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    • Glad you enjoyed the post and that the pictures were helpful!

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  9. My sister’s Pug has been very lucky as far as not having too many issues with her breathing. She did have something similar to asthma for a few days last winter. I think it might have been because she was staying at a house with a woodstove.

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    • Miss Edie has been very fortunate with her breathing as well. I find it interesting about the wood stove, because as much as I like them, my breathing is affected by them too.

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      • The wood stove will dry out the air and remove humidity making airways dry up. Also might be good to check for leaks and make sure no smoke is also getting out!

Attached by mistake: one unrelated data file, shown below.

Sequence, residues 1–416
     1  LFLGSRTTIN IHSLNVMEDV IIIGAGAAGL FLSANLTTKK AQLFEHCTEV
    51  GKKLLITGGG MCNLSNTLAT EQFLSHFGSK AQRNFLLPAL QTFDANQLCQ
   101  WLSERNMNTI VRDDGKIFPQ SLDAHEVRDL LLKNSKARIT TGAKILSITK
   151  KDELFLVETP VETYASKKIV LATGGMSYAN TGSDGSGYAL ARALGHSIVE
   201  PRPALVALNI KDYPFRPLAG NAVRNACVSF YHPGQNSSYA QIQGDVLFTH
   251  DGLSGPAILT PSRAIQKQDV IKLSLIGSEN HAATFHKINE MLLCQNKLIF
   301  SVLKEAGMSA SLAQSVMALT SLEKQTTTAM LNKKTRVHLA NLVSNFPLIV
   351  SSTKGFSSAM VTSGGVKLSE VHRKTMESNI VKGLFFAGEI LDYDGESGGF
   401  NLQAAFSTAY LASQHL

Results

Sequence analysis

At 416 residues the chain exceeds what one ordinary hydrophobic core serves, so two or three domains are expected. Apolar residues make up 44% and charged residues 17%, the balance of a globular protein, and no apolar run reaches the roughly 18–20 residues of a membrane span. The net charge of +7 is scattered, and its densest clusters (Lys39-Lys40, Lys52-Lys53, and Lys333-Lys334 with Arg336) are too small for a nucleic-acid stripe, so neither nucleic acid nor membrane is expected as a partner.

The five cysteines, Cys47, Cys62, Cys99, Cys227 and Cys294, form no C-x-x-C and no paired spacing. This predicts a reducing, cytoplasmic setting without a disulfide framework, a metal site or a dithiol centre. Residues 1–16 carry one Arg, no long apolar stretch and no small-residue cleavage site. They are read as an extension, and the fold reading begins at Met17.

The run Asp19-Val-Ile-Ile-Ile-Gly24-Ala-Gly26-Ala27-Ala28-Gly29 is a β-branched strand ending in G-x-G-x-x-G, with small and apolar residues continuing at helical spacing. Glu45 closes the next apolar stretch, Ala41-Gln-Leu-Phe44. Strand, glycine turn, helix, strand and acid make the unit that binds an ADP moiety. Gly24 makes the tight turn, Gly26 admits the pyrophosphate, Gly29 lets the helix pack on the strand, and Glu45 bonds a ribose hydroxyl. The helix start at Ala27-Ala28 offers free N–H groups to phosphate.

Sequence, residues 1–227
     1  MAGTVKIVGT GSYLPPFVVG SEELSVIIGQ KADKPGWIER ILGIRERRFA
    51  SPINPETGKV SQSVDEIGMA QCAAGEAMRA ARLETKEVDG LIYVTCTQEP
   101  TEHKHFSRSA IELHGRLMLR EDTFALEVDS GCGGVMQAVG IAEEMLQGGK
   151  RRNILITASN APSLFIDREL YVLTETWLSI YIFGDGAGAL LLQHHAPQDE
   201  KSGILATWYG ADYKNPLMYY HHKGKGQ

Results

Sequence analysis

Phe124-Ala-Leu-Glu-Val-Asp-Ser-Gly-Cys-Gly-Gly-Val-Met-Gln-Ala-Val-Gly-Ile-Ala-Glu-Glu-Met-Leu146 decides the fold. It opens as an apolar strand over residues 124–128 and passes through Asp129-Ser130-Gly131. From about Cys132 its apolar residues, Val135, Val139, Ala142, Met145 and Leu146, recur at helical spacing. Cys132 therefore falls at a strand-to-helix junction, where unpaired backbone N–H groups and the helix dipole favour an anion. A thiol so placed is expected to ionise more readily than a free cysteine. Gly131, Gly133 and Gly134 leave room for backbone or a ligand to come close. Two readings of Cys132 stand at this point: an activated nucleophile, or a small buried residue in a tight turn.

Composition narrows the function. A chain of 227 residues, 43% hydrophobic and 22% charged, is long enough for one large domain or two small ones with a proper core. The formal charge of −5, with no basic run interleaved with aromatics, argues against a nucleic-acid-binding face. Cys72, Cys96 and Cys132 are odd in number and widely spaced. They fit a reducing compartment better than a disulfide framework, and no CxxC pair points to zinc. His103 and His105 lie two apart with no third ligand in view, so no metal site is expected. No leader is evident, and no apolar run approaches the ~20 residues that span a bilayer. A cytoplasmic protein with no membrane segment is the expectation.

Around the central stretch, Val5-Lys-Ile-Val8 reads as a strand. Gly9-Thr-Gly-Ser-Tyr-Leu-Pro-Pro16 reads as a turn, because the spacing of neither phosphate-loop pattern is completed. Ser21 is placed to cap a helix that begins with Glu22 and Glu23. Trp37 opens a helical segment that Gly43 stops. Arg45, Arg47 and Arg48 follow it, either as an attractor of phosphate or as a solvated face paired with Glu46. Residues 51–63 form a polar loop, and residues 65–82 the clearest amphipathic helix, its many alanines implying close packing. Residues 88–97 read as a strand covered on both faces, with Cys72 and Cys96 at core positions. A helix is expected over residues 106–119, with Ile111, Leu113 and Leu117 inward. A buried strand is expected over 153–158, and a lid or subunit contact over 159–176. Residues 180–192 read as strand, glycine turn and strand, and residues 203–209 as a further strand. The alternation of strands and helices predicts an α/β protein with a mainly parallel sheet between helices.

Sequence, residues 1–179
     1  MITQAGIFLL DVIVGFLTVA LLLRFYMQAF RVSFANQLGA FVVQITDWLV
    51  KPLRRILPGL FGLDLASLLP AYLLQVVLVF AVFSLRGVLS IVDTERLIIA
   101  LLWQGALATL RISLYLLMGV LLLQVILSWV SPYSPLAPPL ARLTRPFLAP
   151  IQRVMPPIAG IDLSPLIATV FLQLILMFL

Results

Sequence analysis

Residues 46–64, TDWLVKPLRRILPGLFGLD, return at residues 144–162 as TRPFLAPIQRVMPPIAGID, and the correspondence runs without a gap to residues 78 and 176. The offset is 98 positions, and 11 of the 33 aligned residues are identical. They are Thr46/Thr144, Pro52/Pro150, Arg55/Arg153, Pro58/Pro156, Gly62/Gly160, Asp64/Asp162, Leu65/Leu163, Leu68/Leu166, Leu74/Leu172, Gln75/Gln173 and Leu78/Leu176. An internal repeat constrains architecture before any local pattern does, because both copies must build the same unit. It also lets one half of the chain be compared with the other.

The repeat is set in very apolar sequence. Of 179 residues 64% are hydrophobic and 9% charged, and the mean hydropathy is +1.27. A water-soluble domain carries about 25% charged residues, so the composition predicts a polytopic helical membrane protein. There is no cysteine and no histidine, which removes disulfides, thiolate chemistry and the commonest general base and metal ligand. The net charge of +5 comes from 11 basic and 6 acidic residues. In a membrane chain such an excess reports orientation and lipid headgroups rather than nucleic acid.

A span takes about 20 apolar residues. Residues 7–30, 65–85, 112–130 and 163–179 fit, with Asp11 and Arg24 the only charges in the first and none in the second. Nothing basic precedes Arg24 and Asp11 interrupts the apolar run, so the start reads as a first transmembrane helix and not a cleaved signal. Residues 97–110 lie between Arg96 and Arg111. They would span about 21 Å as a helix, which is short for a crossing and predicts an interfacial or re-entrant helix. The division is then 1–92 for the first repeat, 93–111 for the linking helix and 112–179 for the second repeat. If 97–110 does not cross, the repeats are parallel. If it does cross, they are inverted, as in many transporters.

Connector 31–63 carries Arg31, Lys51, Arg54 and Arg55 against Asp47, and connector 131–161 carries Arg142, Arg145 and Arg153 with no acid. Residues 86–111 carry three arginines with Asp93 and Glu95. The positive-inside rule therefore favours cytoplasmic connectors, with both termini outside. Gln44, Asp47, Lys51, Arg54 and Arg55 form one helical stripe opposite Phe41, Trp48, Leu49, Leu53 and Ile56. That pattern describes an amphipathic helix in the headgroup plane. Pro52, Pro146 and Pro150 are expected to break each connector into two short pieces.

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  10. In the summer, my asthma worsens so I can relate. There’s nothing worse for my staff than when I start coughing. My neighbor Bijou has one of those Button noses.

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  11. Thank you for such an informative post! I’ve always wanted a Boston Terrier and it’s really something to think about when it comes to their health.

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    • Thanks for your appreciation! I’m glad you are doing some research before getting a specific breed 🙂